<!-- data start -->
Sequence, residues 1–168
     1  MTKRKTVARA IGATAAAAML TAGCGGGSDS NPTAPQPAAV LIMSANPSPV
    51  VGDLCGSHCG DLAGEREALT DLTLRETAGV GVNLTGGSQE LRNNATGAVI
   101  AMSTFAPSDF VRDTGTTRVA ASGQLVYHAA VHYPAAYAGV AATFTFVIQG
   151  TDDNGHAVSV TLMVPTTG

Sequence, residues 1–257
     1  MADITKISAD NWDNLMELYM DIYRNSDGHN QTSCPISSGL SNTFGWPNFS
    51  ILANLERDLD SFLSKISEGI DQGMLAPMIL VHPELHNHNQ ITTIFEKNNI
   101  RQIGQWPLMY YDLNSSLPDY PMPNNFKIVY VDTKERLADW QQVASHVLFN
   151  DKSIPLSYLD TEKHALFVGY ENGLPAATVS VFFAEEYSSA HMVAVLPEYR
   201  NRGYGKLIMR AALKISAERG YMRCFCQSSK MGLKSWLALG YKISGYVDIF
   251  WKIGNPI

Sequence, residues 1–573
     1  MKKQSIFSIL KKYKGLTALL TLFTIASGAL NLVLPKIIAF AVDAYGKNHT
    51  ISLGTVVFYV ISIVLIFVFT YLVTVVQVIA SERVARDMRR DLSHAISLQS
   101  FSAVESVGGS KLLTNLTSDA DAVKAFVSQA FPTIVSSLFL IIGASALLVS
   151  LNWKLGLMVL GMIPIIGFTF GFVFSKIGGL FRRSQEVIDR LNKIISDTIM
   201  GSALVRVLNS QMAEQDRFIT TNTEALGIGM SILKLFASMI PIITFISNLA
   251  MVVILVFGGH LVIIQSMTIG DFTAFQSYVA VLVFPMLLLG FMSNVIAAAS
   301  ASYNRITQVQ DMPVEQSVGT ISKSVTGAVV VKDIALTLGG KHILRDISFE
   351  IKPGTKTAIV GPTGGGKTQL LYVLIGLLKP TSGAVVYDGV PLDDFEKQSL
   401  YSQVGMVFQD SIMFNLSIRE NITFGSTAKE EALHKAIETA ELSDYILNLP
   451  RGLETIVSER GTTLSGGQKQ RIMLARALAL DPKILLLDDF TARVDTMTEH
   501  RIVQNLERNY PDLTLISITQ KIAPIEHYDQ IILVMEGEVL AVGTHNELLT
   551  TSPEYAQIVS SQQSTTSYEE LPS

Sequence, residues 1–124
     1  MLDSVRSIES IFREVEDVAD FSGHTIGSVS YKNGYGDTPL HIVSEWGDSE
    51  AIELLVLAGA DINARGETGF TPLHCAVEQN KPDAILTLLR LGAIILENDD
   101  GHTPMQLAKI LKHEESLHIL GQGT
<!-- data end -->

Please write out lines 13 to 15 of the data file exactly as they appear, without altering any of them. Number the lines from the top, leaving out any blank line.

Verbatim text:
Sequence, residues 1–573
     1  MKKQSIFSIL KKYKGLTALL TLFTIASGAL NLVLPKIIAF AVDAYGKNHT
    51  ISLGTVVFYV ISIVLIFVFT YLVTVVQVIA SERVARDMRR DLSHAISLQS